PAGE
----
I’ve re-posted from a blog called “The Art of Quotation.”
Douglas Moore does a wonderful job, pairing photos and quotations!
The photo is by Erik Müller
“The poet speaks to all men of that other life of theirs that they have smothered and forgotten.”
Edith Sitwell, poet
13 thoughts on ““The poet speaks to all men of that other life of theirs that they have smothered and forgotten.””
Interested as I am in context, I searched for a while but was unable to find a specific source (book, essay, speech, etc.) for that quotation.
Here’s what I found via Wikiquotes. The quotation is part of a lecture titled “Young Poets” that was pubilshed as part of Mightier Than the Sword: the P.E.N. Hermon Ould Memorial Lectures, 1953-1961 (1964), p. 56.
The original quotation is somewhat different: “As for the usefulness of poetry, its uses are many. It is the deification of reality. It should make our days holy to us. The poet should speak to all men, for a moment, of that other life of theirs that they have smothered and forgotten.”
The version quoted here was published in The Beacon Book of Quotations by Women by Rosalie Maggio (p. 247). It looks to me like an example of what Garson O’Toole calls synthesis: the “shortening and streamlining” of a quotation.
Well, I know almost nothing about Edith Sitwell or her literary friends. I’ve seen her mentioned frequently, reading about the Twenties, and liked few poems I’ve read, although I wouldn’t claim to instantly understand them.
Perhaps Doug could shed some light – he’s an artist living in northern California, originally hailing from upstate NY, and a great guy, always full of cheer and positive attitude.
She’s always reminded me of Dorothy Parker; great quips, but better as seasoning than as a main course.
That’s a pretty snappy comment you wrote yourself! Very Parker-ish. 🙂 When I just read about her a bit, sounds like her style changed greatly after the Twenties, and they used the term “baroque,” so she goes on my list, of things to take a look at. I’m booked until the year 2035 by now, I bet.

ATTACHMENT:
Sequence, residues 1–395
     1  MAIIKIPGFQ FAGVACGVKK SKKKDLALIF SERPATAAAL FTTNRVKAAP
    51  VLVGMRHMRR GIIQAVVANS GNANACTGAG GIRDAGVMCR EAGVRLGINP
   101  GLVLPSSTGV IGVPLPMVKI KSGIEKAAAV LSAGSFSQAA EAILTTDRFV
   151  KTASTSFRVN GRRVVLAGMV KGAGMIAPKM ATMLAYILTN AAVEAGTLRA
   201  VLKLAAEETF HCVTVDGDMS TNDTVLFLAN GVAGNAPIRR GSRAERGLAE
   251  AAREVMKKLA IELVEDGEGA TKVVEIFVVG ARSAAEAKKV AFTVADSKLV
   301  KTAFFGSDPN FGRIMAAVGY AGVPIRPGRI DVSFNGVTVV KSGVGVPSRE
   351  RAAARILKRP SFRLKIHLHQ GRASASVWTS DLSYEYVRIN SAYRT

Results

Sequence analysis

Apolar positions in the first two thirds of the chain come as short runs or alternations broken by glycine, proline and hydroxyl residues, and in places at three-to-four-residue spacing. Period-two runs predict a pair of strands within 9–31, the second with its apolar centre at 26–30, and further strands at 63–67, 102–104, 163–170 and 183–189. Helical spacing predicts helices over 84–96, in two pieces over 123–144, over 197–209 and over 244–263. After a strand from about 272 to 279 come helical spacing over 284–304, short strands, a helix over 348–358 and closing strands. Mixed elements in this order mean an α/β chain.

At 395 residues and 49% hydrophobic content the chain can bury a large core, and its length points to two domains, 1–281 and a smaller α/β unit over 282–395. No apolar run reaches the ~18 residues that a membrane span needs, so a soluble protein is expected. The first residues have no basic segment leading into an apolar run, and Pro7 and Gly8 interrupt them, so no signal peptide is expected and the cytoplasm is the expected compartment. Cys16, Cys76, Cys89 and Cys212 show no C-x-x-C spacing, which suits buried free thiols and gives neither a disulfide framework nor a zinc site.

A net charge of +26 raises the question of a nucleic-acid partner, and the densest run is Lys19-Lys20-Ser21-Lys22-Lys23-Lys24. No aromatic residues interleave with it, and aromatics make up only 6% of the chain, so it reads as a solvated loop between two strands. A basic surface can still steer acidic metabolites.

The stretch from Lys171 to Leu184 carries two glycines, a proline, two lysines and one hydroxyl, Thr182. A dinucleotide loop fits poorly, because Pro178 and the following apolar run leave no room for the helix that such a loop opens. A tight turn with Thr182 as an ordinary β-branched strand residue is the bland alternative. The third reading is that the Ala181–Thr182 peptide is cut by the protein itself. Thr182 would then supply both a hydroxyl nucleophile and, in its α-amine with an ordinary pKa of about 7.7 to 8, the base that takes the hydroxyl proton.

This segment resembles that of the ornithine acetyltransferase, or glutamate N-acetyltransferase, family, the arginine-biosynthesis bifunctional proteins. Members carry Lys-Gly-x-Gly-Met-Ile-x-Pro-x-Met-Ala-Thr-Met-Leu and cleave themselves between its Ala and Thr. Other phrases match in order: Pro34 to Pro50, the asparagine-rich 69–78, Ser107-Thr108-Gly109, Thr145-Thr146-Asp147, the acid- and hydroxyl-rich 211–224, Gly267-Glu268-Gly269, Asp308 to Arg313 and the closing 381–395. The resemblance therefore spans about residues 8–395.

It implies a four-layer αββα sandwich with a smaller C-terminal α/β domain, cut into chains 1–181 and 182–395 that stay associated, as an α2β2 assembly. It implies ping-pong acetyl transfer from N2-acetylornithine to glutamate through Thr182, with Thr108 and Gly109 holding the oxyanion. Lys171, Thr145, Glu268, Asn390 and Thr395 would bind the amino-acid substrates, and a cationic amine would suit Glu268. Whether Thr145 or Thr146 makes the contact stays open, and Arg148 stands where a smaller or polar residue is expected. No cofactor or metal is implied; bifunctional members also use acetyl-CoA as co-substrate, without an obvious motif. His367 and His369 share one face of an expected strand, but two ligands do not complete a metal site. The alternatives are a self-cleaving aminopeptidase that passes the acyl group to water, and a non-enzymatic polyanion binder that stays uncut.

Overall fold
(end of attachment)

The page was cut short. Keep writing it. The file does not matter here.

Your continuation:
Good sleuthing! I hunt down citations not only to get context, as I mentioned, but also because so many statements are misquoted on the Internet. You found yet another example. “Synthesis” strikes me as a good term for what happened in this case. In such synthesizing, nuances can get lost. For instance, notice the difference between “The poet speaks…” and “The poet should speak…” And of course the deification of reality and the making of our days holy got thrown out altogether, even though those notions form an important part of what Sitwell was saying. Now I have to wonder whether the truncation was due to a bias of the anthologizer.
Another explanation might be, that Sitwell expressed similar thoughts in similar, but somewhat varied ways, at different times and places.
Good point. I’ve occasionally come across instances of that. I wonder what source, if any, the anthologizer gave for the Sitwell quotation.
Terrific image Robert. The light is fantastic and the figure is mysterious.
It’s wonderful, isn’t it, I love the scene and the ghostly image. Not mine of course! I hadn’t noticed, last night, that when I re-posted this, with Doug’s permission, the photo attribution didn’t come along, so I added a note: the photographer is Erik Müller.
Oh! I thought it was yours. Thanks for the attribution info. Interesting work.
You’re right. He brings excellent ingredients together.
See ya —
Thanks, Neil, that’s a great way to put it.